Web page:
betwixt and between

‘betwixt and between’, late 18th century—not fully or properly either of two things, in an intermediate or middling position

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origin of ‘castles in Spain’

In French medieval chansons de geste ‘castles in Spain’ denoted fiefs that had to be conquered from the Saracens by the knights to whom they had been granted.

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carrot and stick

early 20th century—refers to the method of tempting a donkey to move forward by dangling a carrot before it, and beating it with a stick if it refuses

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origin of ‘out of the blue’

from ‘a bolt out of the blue’, denoting a sudden and unexpected event, with reference to the unlikelihood of a thunderbolt coming from a clear blue sky

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meaning and origin of ‘red herring’

Red herring, used in laying trails for hounds to follow, was misunderstood as a deliberate attempt to distract them, hence the figurative use of ‘red herring’.

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origin of ‘gas and gaiters’

coined by Charles Dickens in Nicholas Nickleby (1839) in a comic passage in which an insane speaker makes a series of nonsensical statements

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owlhoot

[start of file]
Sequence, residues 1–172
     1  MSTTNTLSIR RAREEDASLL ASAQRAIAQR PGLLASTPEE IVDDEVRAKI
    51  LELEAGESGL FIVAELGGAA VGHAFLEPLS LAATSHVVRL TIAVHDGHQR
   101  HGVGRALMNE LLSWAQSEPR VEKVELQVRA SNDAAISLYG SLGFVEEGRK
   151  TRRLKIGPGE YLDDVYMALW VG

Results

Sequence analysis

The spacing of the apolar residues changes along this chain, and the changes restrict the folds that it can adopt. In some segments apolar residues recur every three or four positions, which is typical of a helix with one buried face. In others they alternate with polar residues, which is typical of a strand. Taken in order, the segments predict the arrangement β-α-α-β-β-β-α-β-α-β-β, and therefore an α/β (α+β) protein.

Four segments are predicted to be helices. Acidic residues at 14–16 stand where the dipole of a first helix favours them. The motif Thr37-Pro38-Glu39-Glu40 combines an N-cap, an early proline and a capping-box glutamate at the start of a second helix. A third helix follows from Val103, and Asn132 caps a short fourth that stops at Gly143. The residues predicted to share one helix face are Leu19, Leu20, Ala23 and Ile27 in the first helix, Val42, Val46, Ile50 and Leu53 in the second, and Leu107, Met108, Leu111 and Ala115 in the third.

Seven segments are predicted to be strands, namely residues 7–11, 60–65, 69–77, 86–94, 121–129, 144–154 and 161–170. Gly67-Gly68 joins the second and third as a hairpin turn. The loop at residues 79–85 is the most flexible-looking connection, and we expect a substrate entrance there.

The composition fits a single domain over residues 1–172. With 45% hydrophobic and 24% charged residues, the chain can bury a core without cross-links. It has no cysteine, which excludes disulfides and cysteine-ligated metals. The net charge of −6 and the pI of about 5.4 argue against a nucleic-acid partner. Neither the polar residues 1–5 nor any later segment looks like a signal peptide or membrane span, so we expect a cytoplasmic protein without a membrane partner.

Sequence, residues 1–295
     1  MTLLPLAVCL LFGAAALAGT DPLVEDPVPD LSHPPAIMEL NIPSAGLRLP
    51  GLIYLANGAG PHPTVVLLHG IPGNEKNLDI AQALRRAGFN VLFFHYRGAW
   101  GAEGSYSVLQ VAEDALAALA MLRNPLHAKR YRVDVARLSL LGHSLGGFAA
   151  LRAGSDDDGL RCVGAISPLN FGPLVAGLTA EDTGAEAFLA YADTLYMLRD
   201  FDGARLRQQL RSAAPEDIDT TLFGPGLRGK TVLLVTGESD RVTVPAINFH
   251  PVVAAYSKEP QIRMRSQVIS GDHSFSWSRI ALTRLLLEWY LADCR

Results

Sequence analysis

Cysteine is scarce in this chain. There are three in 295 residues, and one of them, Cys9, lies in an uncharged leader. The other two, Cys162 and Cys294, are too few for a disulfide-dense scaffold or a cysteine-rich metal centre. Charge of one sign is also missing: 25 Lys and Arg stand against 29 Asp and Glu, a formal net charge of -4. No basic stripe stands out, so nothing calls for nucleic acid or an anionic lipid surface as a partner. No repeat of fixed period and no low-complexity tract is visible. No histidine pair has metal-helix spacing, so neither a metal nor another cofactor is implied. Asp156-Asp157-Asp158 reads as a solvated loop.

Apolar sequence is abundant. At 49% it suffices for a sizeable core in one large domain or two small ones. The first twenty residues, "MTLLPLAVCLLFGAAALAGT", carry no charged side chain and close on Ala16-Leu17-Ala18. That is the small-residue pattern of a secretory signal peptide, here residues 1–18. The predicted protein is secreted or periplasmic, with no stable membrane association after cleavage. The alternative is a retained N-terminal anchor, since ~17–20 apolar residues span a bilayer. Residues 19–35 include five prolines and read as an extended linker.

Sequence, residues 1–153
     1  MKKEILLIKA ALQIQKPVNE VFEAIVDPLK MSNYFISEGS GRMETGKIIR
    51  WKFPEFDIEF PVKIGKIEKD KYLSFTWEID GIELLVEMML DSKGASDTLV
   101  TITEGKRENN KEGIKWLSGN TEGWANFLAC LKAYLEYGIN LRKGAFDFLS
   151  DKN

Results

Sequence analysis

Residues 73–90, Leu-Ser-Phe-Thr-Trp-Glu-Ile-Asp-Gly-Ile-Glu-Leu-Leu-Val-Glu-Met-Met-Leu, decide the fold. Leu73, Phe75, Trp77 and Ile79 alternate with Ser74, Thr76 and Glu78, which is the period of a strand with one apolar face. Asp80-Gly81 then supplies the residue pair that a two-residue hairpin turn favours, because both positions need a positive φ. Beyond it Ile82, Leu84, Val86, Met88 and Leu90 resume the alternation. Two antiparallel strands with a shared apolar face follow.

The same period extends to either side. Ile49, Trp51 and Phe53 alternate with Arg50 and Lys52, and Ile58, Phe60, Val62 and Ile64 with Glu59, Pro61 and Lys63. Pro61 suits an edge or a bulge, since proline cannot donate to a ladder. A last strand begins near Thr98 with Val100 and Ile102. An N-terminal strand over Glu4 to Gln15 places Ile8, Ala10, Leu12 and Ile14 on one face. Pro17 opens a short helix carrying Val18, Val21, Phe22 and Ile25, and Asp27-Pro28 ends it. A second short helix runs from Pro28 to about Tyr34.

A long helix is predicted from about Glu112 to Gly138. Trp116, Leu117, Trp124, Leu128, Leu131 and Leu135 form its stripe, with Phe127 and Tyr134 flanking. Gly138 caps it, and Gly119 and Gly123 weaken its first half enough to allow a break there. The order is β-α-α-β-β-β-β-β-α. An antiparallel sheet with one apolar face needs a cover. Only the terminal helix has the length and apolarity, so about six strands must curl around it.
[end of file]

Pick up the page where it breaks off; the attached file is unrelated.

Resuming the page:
Coined after ‘cock-crow’, ‘owl-hoot’ means ‘dusk’. It denotes ‘an outlaw’ in Wild West fiction, hence, generally, ‘a worthless or contemptible person’.

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to have bats in one’s belfry

Of American-English origin, ‘to have bats in one’s belfry’ is from the image of bats flying around when disturbed, like confused thoughts in a disordered mind.

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slave – Slav – robot – ciao

The word ‘slave’ is from Medieval Latin ‘Sclavus’, ‘Slav’, because the Slavic peoples were frequently reduced to a servile condition by the Germanic conquest.

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by hook or by crook

The phrase perhaps originated in laws or customs regulating the gathering of firewood by tenants; it was perhaps a legal formula in which ‘crook’ merely reinforced ‘hook’.

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